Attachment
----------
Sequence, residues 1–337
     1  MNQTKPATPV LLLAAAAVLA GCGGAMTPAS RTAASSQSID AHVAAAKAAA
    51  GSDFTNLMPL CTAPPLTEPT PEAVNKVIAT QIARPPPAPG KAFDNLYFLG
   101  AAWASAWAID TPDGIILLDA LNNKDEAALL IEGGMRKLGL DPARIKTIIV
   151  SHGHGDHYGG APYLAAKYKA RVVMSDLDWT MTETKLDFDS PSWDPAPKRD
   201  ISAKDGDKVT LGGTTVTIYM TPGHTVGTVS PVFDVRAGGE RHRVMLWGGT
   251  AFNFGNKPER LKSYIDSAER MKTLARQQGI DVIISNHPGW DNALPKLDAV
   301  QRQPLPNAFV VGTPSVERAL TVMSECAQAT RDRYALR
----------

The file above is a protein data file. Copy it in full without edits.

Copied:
Sequence, residues 1–337
     1  MNQTKPATPV LLLAAAAVLA GCGGAMTPAS RTAASSQSID AHVAAAKAAA
    51  GSDFTNLMPL CTAPPLTEPT PEAVNKVIAT QIARPPPAPG KAFDNLYFLG
   101  AAWASAWAID TPDGIILLDA LNNKDEAALL IEGGMRKLGL DPARIKTIIV
   151  SHGHGDHYGG APYLAAKYKA RVVMSDLDWT MTETKLDFDS PSWDPAPKRD
   201  ISAKDGDKVT LGGTTVTIYM TPGHTVGTVS PVFDVRAGGE RHRVMLWGGT
   251  AFNFGNKPER LKSYIDSAER MKTLARQQGI DVIISNHPGW DNALPKLDAV
   301  QRQPLPNAFV VGTPSVERAL TVMSECAQAT RDRYALR